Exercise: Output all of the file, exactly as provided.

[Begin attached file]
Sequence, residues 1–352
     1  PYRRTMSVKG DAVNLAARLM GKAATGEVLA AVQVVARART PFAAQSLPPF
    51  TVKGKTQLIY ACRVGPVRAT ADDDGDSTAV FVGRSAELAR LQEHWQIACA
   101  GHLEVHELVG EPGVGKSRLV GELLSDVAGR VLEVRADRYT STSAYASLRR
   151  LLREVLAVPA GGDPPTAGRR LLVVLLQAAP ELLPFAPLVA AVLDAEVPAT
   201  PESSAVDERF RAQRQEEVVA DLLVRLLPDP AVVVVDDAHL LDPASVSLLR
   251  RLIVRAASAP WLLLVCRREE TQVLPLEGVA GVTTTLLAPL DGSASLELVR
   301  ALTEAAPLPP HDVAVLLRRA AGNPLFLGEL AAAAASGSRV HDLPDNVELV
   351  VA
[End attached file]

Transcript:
Sequence, residues 1–352
     1  PYRRTMSVKG DAVNLAARLM GKAATGEVLA AVQVVARART PFAAQSLPPF
    51  TVKGKTQLIY ACRVGPVRAT ADDDGDSTAV FVGRSAELAR LQEHWQIACA
   101  GHLEVHELVG EPGVGKSRLV GELLSDVAGR VLEVRADRYT STSAYASLRR
   151  LLREVLAVPA GGDPPTAGRR LLVVLLQAAP ELLPFAPLVA AVLDAEVPAT
   201  PESSAVDERF RAQRQEEVVA DLLVRLLPDP AVVVVDDAHL LDPASVSLLR
   251  RLIVRAASAP WLLLVCRREE TQVLPLEGVA GVTTTLLAPL DGSASLELVR
   301  ALTEAAPLPP HDVAVLLRRA AGNPLFLGEL AAAAASGSRV HDLPDNVELV
   351  VA